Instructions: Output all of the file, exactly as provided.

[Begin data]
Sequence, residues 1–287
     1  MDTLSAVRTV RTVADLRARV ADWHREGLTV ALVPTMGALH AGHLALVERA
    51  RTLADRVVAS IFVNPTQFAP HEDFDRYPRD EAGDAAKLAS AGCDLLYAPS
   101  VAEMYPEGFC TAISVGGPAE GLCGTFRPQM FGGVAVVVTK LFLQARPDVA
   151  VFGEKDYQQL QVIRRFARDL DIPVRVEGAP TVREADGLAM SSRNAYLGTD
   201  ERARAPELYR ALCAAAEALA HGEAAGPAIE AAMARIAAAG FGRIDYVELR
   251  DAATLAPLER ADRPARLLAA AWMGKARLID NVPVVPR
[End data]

Sequence, residues 1–287
     1  MDTLSAVRTV RTVADLRARV ADWHREGLTV ALVPTMGALH AGHLALVERA
    51  RTLADRVVAS IFVNPTQFAP HEDFDRYPRD EAGDAAKLAS AGCDLLYAPS
   101  VAEMYPEGFC TAISVGGPAE GLCGTFRPQM FGGVAVVVTK LFLQARPDVA
   151  VFGEKDYQQL QVIRRFARDL DIPVRVEGAP TVREADGLAM SSRNAYLGTD
   201  ERARAPELYR ALCAAAEALA HGEAAGPAIE AAMARIAAAG FGRIDYVELR
   251  DAATLAPLER ADRPARLLAA AWMGKARLID NVPVVPR